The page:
A subject that doesn't often come up among writers, but a very serious one nonetheless is the subject of health insurance.
If you're a single person who happens to be a free-lance writer, health insurance is a major concern.
When I left the full-time work force in 2002 to concentrate on writing (I wasted nearly a year in travel and play), I was covered by COBRA for eighteen months. For the three and a half years that followed, my BIGGEST problem was the crummy health insurance for which I was paying a small fortune.
Sixteen months ago, when I got notice of yet another rate increase, serendipity occurred. The phone rang, and the manager of a large department at a local university asked if I'd be interested in going to work for them. On another day, I might have said, "No," but on that day, I was holding a notice for an lousy insurance policy whose monthly payments would have purchased a luxury car. I agreed to the interview and have been back in the work force ever since. And I don't regret it.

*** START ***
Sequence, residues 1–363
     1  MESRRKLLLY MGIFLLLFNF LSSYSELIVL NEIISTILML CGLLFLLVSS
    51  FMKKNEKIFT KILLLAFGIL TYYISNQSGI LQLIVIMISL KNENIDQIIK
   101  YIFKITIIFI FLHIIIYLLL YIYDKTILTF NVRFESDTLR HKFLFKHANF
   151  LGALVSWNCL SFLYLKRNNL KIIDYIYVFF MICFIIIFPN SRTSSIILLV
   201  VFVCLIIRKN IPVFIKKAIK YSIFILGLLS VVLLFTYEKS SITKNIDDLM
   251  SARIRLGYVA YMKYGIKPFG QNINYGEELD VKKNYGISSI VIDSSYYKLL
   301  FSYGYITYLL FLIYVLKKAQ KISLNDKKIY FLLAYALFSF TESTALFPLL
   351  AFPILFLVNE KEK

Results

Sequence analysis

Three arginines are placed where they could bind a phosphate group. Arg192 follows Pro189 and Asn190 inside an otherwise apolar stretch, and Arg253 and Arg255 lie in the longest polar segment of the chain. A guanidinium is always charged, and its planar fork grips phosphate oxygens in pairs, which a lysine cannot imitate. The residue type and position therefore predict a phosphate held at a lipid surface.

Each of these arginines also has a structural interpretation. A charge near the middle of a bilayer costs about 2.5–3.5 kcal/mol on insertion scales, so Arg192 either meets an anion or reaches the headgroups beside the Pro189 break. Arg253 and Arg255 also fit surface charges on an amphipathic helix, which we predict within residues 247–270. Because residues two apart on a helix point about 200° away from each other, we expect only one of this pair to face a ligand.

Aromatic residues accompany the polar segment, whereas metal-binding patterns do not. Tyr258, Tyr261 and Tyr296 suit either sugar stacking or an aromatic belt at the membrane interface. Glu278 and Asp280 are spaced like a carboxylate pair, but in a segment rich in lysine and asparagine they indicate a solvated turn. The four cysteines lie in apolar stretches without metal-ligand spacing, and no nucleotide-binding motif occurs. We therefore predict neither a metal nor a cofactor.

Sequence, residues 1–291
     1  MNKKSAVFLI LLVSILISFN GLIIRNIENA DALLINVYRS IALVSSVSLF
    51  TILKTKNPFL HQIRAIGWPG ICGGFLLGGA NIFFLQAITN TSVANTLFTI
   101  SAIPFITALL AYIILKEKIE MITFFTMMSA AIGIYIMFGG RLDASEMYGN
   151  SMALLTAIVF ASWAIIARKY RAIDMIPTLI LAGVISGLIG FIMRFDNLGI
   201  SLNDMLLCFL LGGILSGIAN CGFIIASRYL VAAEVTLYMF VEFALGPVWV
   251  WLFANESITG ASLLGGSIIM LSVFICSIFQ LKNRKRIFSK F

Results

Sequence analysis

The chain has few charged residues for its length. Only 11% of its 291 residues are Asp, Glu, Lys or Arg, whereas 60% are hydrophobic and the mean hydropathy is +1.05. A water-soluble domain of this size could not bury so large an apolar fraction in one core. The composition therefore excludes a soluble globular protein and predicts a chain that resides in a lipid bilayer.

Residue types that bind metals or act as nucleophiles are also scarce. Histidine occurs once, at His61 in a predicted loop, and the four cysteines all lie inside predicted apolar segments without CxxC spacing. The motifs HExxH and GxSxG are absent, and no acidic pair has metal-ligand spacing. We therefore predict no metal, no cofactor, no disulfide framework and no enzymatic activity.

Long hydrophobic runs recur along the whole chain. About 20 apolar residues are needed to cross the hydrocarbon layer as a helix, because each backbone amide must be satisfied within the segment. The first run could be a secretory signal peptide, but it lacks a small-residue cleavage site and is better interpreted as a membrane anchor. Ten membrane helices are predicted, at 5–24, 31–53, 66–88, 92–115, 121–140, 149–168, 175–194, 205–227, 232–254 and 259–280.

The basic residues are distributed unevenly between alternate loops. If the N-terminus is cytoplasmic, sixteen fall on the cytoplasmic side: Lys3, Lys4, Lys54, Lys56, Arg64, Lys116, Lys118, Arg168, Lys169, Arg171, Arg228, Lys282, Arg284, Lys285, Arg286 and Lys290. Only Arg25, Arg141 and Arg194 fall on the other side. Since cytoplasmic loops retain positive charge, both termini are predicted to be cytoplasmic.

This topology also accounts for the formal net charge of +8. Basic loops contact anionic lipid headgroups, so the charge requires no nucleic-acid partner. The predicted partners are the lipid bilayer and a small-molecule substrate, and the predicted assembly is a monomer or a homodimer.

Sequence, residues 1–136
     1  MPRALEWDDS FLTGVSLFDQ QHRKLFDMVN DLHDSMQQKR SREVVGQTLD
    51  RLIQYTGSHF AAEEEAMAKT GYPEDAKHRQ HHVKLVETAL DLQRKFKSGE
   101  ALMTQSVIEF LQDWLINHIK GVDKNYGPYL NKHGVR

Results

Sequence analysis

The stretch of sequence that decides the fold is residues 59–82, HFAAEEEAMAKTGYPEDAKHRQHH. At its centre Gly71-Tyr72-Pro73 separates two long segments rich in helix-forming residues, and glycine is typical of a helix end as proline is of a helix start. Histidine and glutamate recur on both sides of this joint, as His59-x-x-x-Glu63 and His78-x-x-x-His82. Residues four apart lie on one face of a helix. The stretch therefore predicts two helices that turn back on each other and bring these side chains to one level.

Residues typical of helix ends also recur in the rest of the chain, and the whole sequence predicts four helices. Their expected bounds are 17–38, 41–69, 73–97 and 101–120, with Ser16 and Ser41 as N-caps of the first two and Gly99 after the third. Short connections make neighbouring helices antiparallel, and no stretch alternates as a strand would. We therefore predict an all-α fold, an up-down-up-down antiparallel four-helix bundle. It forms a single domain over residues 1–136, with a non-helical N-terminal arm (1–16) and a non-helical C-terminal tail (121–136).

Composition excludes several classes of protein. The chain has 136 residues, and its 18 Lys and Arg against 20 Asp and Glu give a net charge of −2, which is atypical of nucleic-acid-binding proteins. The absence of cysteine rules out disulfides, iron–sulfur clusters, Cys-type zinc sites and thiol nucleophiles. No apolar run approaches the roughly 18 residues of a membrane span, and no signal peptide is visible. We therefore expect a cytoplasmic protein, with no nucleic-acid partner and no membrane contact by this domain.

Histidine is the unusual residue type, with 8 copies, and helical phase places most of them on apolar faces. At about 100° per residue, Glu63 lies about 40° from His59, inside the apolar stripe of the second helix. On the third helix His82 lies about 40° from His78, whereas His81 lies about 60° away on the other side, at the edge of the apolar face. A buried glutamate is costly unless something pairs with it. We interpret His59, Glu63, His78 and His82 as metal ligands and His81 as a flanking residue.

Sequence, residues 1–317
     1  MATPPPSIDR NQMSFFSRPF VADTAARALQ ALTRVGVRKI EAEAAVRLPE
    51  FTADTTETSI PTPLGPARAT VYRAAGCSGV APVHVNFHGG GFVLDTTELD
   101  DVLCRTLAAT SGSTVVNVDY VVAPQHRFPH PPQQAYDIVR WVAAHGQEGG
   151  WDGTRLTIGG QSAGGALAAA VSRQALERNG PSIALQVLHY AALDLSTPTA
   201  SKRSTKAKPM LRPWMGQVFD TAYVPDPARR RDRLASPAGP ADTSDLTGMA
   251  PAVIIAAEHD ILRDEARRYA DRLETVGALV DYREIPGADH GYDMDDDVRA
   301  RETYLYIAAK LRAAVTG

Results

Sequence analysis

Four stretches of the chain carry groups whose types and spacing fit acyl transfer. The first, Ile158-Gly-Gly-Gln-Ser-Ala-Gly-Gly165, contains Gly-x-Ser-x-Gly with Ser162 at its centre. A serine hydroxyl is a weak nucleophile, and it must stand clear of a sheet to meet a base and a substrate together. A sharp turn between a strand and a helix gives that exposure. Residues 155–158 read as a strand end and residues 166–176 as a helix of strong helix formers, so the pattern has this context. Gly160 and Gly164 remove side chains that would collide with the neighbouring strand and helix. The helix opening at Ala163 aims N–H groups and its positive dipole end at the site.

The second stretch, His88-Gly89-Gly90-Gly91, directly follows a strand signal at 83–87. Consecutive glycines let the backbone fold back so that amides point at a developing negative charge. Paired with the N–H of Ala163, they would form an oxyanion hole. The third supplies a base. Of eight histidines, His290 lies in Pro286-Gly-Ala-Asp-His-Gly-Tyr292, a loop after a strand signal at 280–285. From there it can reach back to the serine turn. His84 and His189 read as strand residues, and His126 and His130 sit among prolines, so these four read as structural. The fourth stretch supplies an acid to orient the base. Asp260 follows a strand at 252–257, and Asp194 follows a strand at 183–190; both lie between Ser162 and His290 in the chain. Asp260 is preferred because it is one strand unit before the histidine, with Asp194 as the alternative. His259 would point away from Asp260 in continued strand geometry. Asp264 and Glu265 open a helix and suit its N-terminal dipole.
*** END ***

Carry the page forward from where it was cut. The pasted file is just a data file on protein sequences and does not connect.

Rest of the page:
I've been astounded at the level of comfort having a great health insurance policy brings. I don't put off my mammograms, I get routine check-ups and I no longer panick at the first sign of illness.
The New York Times addresses this issue today here.